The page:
Admittedly, you will almost definitely need these. While it’s nice to have the option of running less APU-intensive fare at the full, beautifully crisp 1600p, the Legion Go’s AMD Ryzen Z1 Extreme chip all to often struggles under the weight of all those pixels. It usually takes a drop all the way down to 1280×800, same as the Steam Deck, to get smooth framerates even on low quality settings:
Again, when a game can run smoothly at 1600p, it’s great. Likewise for games like GTA V that can zoom past 100fps, a level of smoothness that’s unattainable on both the 60Hz Steam Deck and the 90Hz Steam Deck OLED. I’d say there’s an even stronger sensation of “Wowee, this is a PC game running on a handheld” than there is on the ROG Ally. And yet, just as with that device – which uses the exact same Ryzen Z1 Extreme APU – you can easily end up up having to switch off the Legion Go’s higher-end features in order to simply use it. That’s still strange, to me. It’s like buying a glistening new 4K monitor then hooking it up to a knackered GTX 960. Not only are you paying for specs you can’t always enjoy, but the lack of premium performance undermines the whole “You can play anything!” message that Windows-based handheld PCs are always keen to push.
In fairness, it is very nice to have all my Game Pass games playable locally, something that’s impossible on a Steam Deck without swapping out its entire OS. It’s also easy appreciate how installing launchers like Battle.net and the Epic Games Launcher only requires, y’know, an installer. Not diving so deep into SteamOS files that you come out with black lung. And, when you do need to traverse an undersized menu or dialogue box, it’s far more swiftly doable with the Legion Go’s trackpad than with the ROG Ally’s lack of one.
Not forgetting, of course, that the Legion Go offers another way of physically playing games entirely. One that’s both hugely distinct from other handhelds, and almost comfortingly familiar to seasoned desktop PC players. The two removable controllers may well be inspired by the Nintendo Switch, but they’re not for playing kart racers with a friend – they, or at least one of them, is for shifting into an upright mouse, complete with adjustable optical sensor (and that dinky scroll wheel). Hate aiming with thumbsticks in shooters? The Legion Go is so desperate to be the handheld for you that it’s willing to let you snap chunks off it in the process.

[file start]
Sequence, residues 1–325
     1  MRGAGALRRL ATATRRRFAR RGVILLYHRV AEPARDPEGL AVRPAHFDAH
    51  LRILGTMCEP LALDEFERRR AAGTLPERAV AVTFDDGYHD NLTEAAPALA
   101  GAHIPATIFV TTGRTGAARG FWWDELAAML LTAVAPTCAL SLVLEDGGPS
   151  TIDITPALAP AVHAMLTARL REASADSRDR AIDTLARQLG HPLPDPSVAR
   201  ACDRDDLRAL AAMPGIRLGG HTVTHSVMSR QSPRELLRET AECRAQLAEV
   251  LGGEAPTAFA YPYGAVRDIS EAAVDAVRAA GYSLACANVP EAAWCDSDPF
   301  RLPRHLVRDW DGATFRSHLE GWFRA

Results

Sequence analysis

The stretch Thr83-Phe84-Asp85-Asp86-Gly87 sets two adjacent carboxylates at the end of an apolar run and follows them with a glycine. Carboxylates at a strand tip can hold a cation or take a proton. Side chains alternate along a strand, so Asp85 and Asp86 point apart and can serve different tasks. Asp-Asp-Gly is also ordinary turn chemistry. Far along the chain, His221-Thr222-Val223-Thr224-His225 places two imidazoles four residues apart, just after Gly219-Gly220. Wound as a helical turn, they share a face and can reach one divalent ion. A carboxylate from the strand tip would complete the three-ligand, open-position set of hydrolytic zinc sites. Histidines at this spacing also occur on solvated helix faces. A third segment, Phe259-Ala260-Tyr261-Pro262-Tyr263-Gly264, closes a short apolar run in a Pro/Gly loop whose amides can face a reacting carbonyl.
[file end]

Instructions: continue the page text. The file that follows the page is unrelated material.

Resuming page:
It initially feels quite odd, arguably more akin to an unsecured flight stick than a real vertical mouse. I got to grips with it eventually, though, and hey – when it works, it works. I was certainly more confident playing Team Fortress 2 or Deep Rock Galactic with the detached controller than I’ve ever been with a fixed thumbstick, or even the Deck’s purpose-built trackpads. I’m not saying to enter a Counter-Strike 2 tournament with it, but with an hour or so’s practice it is much closer to the feel of a standard gaming mouse than I previously would have expected from handheld hardware.
That said, it’s worth remembering where handheld PCs are mostly played: sofas, bus seats, metro trains, toilets. What all these have in common is a lack of any kind of stable, flat, smooth, adequately sized space on which to both set down the Legion Go and slide its mouse-controller around. Maybe an airline seat would work, but I certainly wouldn’t want to attempt twitchy FPS aiming on a tiny, flimsy, fold-out table. It’s hard to see where the reliable use case is, unless you want to be like the folks in the Legion Go’s launch trailer, misappropriating library tables and taking solo trips to cocktail bars.